Reborn 3 Series to usher in new electric era

The NK1 that’s earmarked to introduce the Neue Klasse architecture is one of four electric saloons that BMW plans to launch by the end of 2025. It will follow the CLAR-based i4, i5 and i7 with the choice of either rear- or four-wheel drive.

But whereas the i4, i5 and i7 all borrow heavily from ICE models, the NK1 is set to receive an “electric-centric design”, with new proportions and contemporary styling elements that are expected to influence the next generation of BMW models.

Among the architectural developments brought by the new platform is a flat floor structure that does away with the centre tunnel of the electrified CLAR platform as well as a considerably longer wheelbase that enables the A-pillars to be pulled forward for improved space and interior packaging.

“People are expecting different aesthetics. That’s why we’ve developed a new styling direction for our electric models,” explained Weber.

The construction of the NK1 saloon is planned to draw heavily on that of the seven-year-old i3 and recently introduced iX with an aluminium and steel platform base; a carbonfibre ‘cage’ body structure that uses carbonfibre-reinforced plastic in areas such as the sills; and a combination of aluminium, steel and composite-plastic body panels.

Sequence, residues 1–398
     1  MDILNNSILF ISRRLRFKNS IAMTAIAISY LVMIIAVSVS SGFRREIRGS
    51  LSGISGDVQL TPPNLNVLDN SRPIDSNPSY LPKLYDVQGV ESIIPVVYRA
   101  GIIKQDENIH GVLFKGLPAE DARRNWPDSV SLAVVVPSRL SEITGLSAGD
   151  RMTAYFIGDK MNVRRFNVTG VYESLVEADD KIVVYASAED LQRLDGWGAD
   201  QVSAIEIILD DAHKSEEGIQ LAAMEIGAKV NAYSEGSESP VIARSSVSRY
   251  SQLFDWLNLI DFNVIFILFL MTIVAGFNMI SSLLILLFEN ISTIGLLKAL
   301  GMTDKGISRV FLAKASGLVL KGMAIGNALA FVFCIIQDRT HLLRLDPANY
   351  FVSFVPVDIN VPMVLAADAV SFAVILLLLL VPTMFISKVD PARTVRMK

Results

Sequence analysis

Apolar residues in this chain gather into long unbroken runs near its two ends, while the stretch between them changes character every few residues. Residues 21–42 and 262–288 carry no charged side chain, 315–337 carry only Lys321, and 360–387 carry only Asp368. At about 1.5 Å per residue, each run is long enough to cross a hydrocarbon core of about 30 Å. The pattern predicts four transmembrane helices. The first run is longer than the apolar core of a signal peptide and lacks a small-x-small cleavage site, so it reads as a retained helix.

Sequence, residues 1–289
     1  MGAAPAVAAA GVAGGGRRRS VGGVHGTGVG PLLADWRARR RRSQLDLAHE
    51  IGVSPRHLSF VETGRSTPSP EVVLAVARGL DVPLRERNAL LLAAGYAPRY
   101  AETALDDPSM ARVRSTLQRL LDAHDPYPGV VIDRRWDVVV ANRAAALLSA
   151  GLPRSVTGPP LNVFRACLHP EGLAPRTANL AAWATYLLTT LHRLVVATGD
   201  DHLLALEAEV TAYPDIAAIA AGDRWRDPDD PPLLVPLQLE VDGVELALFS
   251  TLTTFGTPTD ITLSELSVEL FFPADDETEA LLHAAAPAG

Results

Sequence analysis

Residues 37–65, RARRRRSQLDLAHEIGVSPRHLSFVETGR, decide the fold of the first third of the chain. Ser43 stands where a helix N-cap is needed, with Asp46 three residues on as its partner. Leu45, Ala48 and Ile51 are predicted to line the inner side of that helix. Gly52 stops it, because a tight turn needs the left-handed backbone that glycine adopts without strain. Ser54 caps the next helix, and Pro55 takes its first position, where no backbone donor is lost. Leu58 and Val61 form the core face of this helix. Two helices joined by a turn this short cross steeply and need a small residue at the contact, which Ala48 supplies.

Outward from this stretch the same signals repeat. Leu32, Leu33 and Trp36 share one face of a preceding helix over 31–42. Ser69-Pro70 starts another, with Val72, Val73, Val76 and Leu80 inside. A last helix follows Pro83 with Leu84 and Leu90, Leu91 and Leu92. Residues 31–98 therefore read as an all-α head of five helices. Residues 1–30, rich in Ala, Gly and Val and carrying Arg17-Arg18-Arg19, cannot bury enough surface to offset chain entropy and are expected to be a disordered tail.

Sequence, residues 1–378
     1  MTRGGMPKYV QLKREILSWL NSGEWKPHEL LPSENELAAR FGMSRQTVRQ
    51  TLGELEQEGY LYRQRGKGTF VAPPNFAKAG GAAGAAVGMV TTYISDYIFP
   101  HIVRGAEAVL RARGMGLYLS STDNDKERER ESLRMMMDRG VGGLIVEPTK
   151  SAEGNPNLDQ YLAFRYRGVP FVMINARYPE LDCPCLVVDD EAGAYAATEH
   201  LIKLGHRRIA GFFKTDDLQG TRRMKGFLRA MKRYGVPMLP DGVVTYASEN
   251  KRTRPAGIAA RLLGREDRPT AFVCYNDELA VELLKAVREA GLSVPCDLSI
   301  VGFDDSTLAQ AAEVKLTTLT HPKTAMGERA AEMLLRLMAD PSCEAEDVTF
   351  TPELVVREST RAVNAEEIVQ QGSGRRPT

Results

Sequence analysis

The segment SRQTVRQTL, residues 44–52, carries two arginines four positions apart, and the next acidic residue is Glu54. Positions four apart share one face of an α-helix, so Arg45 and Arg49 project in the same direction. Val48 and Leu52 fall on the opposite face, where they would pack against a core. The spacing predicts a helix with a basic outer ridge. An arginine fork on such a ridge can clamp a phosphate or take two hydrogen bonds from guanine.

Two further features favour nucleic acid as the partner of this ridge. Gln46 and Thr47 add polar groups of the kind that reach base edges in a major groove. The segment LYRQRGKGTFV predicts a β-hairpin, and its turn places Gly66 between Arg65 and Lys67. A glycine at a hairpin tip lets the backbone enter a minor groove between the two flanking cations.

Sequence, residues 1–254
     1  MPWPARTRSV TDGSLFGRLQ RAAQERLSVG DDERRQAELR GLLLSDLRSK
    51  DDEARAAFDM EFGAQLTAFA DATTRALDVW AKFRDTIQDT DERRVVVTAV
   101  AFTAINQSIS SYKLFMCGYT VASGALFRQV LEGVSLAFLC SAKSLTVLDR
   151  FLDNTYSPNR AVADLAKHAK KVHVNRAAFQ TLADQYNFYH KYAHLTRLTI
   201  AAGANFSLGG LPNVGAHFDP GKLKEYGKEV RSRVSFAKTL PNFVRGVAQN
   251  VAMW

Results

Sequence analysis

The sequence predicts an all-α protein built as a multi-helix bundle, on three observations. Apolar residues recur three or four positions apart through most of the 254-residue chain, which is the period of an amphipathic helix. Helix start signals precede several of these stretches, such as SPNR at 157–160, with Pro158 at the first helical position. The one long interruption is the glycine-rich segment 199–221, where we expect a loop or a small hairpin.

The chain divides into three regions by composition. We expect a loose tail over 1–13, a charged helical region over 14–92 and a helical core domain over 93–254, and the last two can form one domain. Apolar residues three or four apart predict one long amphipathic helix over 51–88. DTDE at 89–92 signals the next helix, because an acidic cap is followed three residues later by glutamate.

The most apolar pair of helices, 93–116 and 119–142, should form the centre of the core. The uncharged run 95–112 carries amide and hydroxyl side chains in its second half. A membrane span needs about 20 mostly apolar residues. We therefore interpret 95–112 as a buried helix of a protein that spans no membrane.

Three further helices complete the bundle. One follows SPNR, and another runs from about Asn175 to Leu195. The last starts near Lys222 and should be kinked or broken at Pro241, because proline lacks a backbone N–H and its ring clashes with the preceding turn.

Power for the NK1 is planned to come from BMW’s new sixth-generation powertrain using synchronous electric motors.

Unlike the many rival car makers that rely on component suppliers for their powertrain expertise and volume requirements, BMW wasquick to bring electric motor development and production competence in-house.

Weber says this enables the firm to react quickly. “We’re developing electric motors that will be even more efficient yet more powerful than those we use today,” he said.

He also revealed that they won’t be restricted to standard versions but can also serve in a hot M variant of the NK1.

Along with the new electric motors, the Neue Klasse will introduce 800V battery technology in combination with 350kW charging capability, as first seen on the Porsche Taycan and Audi E-tron GT.


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